Wednesday, May 03, 2006

Integration Driven Development and Anatomies

I attended a talk by Lars Taxén about Integration Driven Development and Anatomies today. IDDA is a development methodology for large projects. "Large" means 1,000+ people.

IDDA was developed at Ericsson for use in telecommunications projects. One of the things I found interesting was that the anatomies part, a method for modelling complex systems, is quite similar to Domain Modelling. That is, both methods aim to create models that mirror real world objects or processes. Anatomies, like Domain Models, make use of bounded contexts to separate different parts of the system.

Some things were very different from what I am used to. For example, IDDA subsystems are implemented in the order they are activated when the system is used. That is very different from the Agile practice of implementing the most valuable functionality first.

For example, consider a document production system consisting of three subsystems: an XML authoring system, a Document Management System (DMS), and a printing system.

With IDDA, the first system to be built would be the authoring system, then the DMS, and finally the printing system. This is the order in which the subsystems are used. First an author writes something, then she stores it in the DMS, then it is printed.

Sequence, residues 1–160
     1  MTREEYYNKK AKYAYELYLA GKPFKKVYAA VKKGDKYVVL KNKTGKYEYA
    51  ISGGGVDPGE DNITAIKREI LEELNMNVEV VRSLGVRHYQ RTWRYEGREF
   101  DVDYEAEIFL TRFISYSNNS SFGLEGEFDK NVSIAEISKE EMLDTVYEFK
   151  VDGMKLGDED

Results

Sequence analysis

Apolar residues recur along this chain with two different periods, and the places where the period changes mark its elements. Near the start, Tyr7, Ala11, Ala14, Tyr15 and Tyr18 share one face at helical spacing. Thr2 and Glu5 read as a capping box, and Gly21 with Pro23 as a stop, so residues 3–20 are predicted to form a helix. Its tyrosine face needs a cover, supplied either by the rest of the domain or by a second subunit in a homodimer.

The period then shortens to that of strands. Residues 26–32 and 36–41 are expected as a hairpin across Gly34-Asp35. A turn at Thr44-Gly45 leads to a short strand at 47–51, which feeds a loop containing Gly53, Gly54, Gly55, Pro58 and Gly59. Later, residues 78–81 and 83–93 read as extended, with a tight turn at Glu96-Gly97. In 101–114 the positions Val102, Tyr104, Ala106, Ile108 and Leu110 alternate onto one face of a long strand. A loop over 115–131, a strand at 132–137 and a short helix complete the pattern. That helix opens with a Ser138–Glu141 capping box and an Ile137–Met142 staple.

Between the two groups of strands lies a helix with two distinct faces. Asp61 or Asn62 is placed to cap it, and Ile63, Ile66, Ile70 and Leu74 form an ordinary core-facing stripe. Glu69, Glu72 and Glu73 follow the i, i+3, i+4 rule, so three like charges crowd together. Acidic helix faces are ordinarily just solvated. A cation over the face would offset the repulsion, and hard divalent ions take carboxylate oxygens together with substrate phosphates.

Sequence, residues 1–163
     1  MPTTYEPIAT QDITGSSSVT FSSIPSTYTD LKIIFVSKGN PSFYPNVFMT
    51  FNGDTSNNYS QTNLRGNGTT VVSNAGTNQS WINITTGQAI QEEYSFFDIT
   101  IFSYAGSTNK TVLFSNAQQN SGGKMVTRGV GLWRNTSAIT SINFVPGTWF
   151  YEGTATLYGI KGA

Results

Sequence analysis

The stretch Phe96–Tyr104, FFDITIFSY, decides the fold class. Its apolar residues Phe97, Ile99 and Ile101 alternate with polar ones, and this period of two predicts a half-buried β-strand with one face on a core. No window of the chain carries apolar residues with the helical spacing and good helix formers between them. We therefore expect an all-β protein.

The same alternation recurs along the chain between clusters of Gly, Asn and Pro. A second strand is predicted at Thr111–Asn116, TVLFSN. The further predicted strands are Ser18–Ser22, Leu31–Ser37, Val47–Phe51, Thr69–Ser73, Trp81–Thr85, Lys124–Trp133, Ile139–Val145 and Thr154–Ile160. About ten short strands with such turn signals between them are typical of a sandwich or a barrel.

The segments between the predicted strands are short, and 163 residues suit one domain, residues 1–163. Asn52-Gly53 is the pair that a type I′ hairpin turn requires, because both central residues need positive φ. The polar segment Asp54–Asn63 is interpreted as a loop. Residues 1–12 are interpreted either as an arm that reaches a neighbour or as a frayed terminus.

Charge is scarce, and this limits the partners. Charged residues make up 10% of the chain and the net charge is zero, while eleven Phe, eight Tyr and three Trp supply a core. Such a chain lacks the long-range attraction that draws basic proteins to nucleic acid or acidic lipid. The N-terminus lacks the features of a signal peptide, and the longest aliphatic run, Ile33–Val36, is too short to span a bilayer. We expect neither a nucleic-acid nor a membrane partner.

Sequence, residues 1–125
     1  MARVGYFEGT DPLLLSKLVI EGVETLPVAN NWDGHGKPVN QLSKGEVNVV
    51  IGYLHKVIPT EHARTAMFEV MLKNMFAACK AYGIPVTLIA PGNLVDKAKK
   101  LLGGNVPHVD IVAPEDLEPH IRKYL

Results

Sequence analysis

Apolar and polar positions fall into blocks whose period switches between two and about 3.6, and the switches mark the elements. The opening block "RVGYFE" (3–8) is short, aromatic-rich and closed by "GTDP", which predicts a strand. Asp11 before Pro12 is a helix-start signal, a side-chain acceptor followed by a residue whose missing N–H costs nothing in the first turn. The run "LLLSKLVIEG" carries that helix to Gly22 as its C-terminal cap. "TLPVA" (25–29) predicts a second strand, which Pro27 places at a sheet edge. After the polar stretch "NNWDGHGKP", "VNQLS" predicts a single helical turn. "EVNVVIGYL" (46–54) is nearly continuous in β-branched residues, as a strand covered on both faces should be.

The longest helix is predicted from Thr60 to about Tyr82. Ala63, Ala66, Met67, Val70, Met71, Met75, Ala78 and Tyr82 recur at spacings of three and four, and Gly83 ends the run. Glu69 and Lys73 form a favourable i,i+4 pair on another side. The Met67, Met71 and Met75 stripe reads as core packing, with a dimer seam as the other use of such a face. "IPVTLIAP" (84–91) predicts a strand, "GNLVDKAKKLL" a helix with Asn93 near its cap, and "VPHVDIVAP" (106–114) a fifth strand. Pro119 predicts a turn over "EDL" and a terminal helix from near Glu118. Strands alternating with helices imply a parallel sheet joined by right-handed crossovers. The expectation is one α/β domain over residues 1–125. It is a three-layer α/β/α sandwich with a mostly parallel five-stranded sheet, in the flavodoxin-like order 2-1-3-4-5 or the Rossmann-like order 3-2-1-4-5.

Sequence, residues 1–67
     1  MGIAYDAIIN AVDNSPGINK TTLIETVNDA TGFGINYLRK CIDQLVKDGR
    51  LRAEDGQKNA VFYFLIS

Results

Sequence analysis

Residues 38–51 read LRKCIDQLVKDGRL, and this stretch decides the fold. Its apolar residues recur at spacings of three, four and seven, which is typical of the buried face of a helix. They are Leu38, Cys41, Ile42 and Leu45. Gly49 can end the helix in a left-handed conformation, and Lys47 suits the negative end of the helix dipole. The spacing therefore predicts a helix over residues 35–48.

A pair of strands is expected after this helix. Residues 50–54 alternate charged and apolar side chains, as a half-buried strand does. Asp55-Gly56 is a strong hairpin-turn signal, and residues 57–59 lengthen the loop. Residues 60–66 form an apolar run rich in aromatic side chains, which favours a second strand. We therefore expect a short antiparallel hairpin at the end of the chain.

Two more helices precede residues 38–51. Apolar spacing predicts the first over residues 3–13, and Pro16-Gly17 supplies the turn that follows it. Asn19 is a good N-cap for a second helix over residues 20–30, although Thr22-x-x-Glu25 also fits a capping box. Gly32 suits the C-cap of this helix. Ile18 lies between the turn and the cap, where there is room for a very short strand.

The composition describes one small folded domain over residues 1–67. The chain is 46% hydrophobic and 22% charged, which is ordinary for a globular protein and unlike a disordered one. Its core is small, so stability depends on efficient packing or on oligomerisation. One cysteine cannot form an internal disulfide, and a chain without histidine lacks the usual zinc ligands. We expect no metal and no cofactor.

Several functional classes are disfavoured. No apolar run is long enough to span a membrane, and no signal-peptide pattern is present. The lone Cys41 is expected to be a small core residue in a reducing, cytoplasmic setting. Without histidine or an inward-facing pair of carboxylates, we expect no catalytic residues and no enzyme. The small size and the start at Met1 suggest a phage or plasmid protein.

With an Agile methodology, the most likely order is authoring system, printing system, DMS. The authoring system is built first, to enable authors to start using the system as soon as possible. Then the printing system would be built, because that makes it possible to print documents, even though there is no DMS yet. That makes it possible to get value from the system, even though the central piece is missing. The DMS is added last.

The situation may be a bit more complex, of course. For example, once the basic printing engine works, it may be most profitable to implement the basic DMS system, go back and finish the printing engine, and finally put the finishing touches on the DMS.

IDDA focuses on the dependencies between subsystems. For very large and complex systems, this may be a better strategy than focusing directly on business value. (I am not quite convinced, but I am certainly interested in learning more.) Culture and cooperation are other areas that are of particular interest. Ericsson's projects often involve people from all over the world. It is important that they can communicate over the barriers of culture, language, and physical distance.

IDDA hasn't been directly influenced by Agile methodologies, but Systems Thinking has played a part. This may to some extent explain the similarities between Agile methodologies and IDDA, even though they target very different projects.

No comments: